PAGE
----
My Dear People,
Jesus declares, “I am the good shepherd” and reveals how to make this life overflowing and abundant. A good shepherd lays down his life for the sheep. We should appreciate how startling this statement is. What shepherd would sacrifice his own life? And yet this is what Jesus says He does for His sheep—for us. Whereas the thief seeks personal gain at the sheep’s expense, the good shepherd does the opposite; he allows himself to be harmed for the sheep’s gain.
This is precisely what makes the shepherd “good.” The Greek translation literally reads “noble shepherd.” This expression captures the heroic and praiseworthy dimensions of Jesus’ action. Jesus makes a free, voluntary gift of His life on the cross, through which his sheep come to receive life in abundance. His self-sacrificial love is the defining standard for all disciples of Jesus, and especially for those appointed to be the shepherds of His flock.
Jesus contrasts the good shepherd with the hired man. Unlike the good shepherd, who “calls his own sheep by name,” the hired man is not a shepherd and his sheep are not his own. His relationship to the flock is mercenary. Thus, the good shepherd and the hired man act differently in face of danger to the flock. The danger comes from the wolf, the typical threat to sheep. The principal opponent of Jesus is the devil; he is “the ruler of this world [who] will be driven out” (12:31) when Jesus lays down his life. Christian tradition has likewise interpreted the wolf (10:12) as the devil, the enemy who seeks the complete ruin of humanity. When confronted with the threat, the hired man abandons the sheep, and the wolf catches and scatters them. The hired man is a self-centered coward who works only for pay and is not concerned for the sheep. The good shepherd, however, is selfless and courageous because he lays down his life for his own sheep.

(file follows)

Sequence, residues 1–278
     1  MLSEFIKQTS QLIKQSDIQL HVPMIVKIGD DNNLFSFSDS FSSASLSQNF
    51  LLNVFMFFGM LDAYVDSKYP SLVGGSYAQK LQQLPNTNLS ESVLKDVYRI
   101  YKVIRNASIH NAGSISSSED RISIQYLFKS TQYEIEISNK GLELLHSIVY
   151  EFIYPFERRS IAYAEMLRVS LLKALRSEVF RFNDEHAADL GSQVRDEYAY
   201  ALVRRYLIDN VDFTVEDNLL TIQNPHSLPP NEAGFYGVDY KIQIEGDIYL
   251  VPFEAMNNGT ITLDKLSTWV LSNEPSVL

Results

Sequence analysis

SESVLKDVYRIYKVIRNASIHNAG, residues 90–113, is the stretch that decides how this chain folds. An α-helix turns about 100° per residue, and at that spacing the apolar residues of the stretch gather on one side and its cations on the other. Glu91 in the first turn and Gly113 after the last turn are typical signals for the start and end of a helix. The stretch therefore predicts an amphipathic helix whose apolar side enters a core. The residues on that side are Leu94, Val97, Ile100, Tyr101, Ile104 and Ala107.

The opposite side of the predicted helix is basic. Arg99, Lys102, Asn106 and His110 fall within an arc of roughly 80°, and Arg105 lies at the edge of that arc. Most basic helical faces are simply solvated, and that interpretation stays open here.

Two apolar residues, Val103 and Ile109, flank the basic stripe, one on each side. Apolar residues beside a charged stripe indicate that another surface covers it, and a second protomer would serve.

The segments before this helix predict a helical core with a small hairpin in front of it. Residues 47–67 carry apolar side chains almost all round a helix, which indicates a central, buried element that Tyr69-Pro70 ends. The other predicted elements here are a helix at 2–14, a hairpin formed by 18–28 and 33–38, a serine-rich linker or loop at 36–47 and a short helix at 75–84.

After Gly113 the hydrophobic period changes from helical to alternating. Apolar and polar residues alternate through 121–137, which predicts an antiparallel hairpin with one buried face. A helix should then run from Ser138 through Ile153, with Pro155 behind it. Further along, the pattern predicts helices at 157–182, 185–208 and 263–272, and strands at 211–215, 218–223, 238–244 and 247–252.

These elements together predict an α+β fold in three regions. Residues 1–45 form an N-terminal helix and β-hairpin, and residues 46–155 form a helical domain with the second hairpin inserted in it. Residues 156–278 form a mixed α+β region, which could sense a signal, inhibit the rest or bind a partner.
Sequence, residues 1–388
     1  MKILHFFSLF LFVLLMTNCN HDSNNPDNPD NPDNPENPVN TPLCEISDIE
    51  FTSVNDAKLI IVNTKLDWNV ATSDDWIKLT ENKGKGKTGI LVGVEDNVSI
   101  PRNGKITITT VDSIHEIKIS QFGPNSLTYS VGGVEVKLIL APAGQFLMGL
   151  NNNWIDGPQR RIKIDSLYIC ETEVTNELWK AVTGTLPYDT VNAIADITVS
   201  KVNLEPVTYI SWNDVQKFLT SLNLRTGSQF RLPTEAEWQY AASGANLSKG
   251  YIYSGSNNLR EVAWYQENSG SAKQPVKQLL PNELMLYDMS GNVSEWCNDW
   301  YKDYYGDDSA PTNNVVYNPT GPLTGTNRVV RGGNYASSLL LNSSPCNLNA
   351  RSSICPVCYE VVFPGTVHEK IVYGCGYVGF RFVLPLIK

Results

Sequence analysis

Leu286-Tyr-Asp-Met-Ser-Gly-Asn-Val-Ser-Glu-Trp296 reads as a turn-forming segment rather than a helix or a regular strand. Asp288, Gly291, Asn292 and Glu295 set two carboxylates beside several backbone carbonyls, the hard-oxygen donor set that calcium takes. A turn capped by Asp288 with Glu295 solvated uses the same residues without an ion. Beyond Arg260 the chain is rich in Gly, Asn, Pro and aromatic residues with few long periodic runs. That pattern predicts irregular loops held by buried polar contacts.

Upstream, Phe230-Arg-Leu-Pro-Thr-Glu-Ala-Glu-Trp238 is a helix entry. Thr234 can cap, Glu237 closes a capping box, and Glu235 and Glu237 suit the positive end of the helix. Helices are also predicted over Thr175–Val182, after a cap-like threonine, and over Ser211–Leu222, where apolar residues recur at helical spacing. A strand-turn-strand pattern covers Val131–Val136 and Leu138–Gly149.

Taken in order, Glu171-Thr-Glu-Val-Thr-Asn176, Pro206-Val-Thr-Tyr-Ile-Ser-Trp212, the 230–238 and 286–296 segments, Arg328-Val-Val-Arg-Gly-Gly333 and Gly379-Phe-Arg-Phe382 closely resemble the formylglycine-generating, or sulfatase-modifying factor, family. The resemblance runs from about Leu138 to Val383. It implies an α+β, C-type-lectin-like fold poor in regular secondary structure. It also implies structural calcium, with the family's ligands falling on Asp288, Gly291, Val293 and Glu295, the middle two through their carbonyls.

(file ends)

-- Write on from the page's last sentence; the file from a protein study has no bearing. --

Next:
The personal relationship between the good shepherd and his sheep has mystical depths. Jesus compares the mutual knowing of shepherd and sheep (I know mine and mine know me) to the mutual knowing within God (just as the Father knows me and I know the Father). From all eternity, the Father gives all that He is to the Son (5:26) and “shows Him everything” (5:20). The Son, who alone has seen and knows the Father, does His work in the world; (see Matt 11:25-37). The relationship of Father and son is one of unity (10:30) and eternal love (5:20; 17:24), which is the most radical selfless-giving (3:35; 17:10). Similarly, Jesus knows his disciples in the most personal and intimate way. He will lay down his life for the sheep in an act of perfect love and draw them into communion with Himself and thus with the Father.
Jesus’ disciples include more than His present band. There are other sheep that do not belong to this fold. “Other sheep” refers, in a general way, to later generations of believers (20:29-31), who are in great measure, Gentiles, gathered to the God of Israel through faith in Jesus. Jesus will lead these sheep and, just like the present flock, which listens and follows, these future believers will hear His voice. Before His passion begins, Jesus prays for these future believers: “those who will believe in me through the word, so that they may all be one” (17:20-21). In both John 10 and 17, the end result is the same: the unity of believers gathered together with Jesus, the shepherd (one shepherd) and with each other (one flock).
Jesus says, This is why the Father loves me, because I lay down my life. The point is not that the Father’s love for Jesus is the consequence of Jesus’ giving his life, (as if the Father would not love Him if He did not give His life.) Rather, the self-giving love of Jesus, manifested in His laying down His life for the sheep, illustrates the Father’s love (see 3:16-17). But the cross, in itself, does not constitute the totality of His saving work. Jesus lays down His life in order to take it up again. His self-gift does not end in death but in the glorified life of the resurrection, of which He gives believers a share (6: 39-40).
Jesus’ giving of His life on the cross is a perfect gift: I lay it down. No one forces Jesus into the cross or takes His life from Him. His statement, I have power to lay it down, and power to take it up again, refers to God’s sovereign power over life and death, which the Father and the Son both have (5:21-22,26). Since Jesus has the power of God, He has the power to overcome His own death in the resurrection.
Yours in Christ
Fr. Vincent Clemente